Is the Ohtani Deal Legal?

I’ve seen speculation that other Major League Baseball owners should reject this deal as abusive and outside the spirit of the competitive balance tax. I’m not an expert in baseball rules, but I don’t think there’s a limit to the amount of contract dollars that can be deferred. The Dodgers may have found a way to abuse the system while technically complying with it. That means the deal is likely to be approved. However, it’s possible some teams will succeed in preventing it. Another potential outcome is to approve this deal as within the letter of the law and then change the rules to prevent future deals that are so blatant in luxury tax avoidance. At this point, it’s too early to know.
The key takeaway is that by deferring payments, the Dodgers give themselves additional financial firepower and can keep or share all or some of that value with their new star.

Competition and Defining Success

Most sports stars like the idea of being very well paid for their skills (as do we all). The best ones have a competitive drive to win championships as well. At some level, a sports star will be willing to trade money for championships. Tom Brady once famously agreed to a below-market value contract with the New England Patriots to give the team more room under the salary cap to sign other great players. That was a contributor to more Super Bowl wins and enhanced Brady’s reputation as a team-first winner.
If you were Mr. Ohtani, would you rather have $700 million and no championships or $500 million and 5 World Series wins? I’m not saying that’s an exact calculation, and I have no idea who’s going to win the World Series for the next 10 years. (This is neither financial nor betting advice!) However, Mr. Ohtani is going to have more money than any reasonable person could ever spend.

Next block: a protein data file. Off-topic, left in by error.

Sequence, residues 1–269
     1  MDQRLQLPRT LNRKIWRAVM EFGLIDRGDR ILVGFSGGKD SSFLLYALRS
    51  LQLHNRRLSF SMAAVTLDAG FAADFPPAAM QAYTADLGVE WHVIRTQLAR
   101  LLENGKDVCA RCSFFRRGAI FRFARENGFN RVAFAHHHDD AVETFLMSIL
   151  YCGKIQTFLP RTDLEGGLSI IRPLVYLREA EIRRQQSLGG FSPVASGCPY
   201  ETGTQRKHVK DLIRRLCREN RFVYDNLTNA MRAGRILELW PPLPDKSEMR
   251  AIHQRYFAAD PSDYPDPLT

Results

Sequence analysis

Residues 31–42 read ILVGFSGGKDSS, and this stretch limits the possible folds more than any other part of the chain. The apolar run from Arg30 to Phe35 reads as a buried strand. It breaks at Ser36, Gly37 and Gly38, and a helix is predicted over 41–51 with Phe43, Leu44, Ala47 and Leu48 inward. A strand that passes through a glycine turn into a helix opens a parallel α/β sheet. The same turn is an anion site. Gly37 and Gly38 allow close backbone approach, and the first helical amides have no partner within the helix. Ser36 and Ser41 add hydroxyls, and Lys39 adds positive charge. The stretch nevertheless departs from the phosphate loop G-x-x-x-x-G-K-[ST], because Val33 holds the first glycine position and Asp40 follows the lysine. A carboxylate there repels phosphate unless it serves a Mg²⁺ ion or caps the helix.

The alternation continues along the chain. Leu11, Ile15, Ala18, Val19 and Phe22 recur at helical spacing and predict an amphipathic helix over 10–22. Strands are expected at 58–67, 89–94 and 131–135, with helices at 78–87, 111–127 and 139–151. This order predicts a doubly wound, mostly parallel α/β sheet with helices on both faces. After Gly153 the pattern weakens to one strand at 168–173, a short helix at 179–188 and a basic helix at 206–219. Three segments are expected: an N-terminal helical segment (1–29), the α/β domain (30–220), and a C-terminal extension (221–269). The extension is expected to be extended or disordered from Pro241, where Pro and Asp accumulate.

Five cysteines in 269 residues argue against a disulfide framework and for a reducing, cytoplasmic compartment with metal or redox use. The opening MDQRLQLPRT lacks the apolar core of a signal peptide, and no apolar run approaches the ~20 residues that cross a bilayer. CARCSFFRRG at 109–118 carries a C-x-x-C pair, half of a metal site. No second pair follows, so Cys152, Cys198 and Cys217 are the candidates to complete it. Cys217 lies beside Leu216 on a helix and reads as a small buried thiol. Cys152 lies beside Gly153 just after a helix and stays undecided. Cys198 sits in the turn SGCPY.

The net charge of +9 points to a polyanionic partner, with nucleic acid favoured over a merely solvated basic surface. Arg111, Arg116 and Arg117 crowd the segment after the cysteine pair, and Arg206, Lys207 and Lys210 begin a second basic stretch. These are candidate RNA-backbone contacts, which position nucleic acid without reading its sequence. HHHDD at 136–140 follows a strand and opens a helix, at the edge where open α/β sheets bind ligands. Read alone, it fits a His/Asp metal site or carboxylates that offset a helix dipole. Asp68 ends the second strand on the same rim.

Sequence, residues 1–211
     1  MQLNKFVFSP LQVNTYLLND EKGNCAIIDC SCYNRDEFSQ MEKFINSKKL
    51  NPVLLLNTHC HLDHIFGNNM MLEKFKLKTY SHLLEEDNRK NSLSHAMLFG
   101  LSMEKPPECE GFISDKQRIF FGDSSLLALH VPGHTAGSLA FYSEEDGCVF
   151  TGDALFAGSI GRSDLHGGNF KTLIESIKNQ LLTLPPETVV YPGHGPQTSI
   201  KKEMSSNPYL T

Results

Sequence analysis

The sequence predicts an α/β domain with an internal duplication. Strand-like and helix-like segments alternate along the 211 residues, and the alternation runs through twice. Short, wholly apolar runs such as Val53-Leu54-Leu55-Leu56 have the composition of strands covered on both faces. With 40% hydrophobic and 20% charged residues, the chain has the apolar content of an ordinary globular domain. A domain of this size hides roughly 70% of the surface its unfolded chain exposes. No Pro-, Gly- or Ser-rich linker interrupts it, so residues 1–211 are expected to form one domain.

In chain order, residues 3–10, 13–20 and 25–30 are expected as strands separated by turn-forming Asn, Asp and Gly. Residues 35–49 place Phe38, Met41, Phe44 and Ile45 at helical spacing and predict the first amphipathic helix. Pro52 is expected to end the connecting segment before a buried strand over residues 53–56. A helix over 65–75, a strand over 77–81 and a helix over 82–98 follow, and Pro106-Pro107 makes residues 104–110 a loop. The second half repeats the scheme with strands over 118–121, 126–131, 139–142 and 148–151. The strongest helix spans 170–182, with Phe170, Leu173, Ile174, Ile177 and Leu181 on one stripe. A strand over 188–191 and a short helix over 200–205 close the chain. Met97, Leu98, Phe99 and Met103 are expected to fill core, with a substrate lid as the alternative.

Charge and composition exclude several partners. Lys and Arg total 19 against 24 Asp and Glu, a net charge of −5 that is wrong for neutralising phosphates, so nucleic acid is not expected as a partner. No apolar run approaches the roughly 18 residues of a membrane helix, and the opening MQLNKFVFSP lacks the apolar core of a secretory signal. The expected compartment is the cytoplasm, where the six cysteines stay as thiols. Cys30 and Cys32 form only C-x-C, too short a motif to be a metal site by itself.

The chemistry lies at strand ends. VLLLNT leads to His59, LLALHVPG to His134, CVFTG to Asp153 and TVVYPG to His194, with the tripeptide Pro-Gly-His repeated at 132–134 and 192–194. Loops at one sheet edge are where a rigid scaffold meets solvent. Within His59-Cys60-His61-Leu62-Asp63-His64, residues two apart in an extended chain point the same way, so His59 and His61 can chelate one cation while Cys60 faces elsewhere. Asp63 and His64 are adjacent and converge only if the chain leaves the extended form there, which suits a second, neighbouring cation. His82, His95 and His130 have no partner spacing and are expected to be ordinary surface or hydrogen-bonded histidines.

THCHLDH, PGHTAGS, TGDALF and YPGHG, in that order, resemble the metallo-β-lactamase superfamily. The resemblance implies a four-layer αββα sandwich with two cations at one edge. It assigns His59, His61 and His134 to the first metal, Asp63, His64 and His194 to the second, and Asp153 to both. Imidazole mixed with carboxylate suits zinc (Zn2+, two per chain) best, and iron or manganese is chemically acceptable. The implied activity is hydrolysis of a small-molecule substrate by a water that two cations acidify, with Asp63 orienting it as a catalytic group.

It’s not crazy to think he would give up some current compensation to make his new team stronger and potentially enhance his legacy as a champion.

Taxes and Tax Avoidance for Consideration

The Los Angeles Dodgers have the good fortune of playing in a wealthy large market. They have the disadvantage of that market being located in California, where state taxes of more than 13 percent are unusually high. Mr. Ohtani will have the option of moving out of the state and to a jurisdiction where his income taxes on the deferred $680 million of income will be somewhere between lower and zero.
Remember, he has to live in California to play for the Dodgers. He can live anywhere he wants once he is done playing baseball. By structuring the deal in this unusual way, he gets to choose his tax jurisdiction when he receives the majority of his baseball salary.

Marketing Value of Ohtani’s Deal

The massive sticker shock of being the $700 million man is a benefit to both Mr. Ohtani and the Dodgers. Sports stars are often judged on their earnings, and this big number both elevates Mr. Ohtani and confirms his position as the biggest name in the game.
There are benefits to the Dodgers as well. If you’re a fan of the team, you just saw headlines that management is paying $700 million to bring you the best player available. The move confirms that the Dodgers are committed to winning and takes your fandom seriously. I’m not the only one predicting increasing sales of season tickets, jerseys, and other Dodgers’ merchandise.
Structuring the deal in a way that allows for the maximum headline compensation number while deferring payments to a time when they have lesser value is smart marketing by both the Dodgers and Mr. Ohtani.


It’s a weird and exciting deal with a huge headline number and lots of quieter clauses that reduce the value to something below the stated $700 million. It will be fascinating to see what additional details become available in the upcoming weeks and if Major League Baseball either approves the contract and/or changes the rules for future deals.

Gary Brode has spent three decades in the hedge fund business. Most recently, he was Managing Partner and Senior Portfolio manager for Silver Arrow Investment Management, a concentrated long-only hedge fund with options-based hedging. In 2020, he launched Deep Knowledge Investing, a research firm that works with portfolio managers, RIAs, family offices, and individuals to help them earn higher returns in the equity portion of their portfolios. Mr. Brode’s work has been featured in the Wall Street Journal and Barron’s, and in appearances on CNBC, Bloomberg West, and RealVision.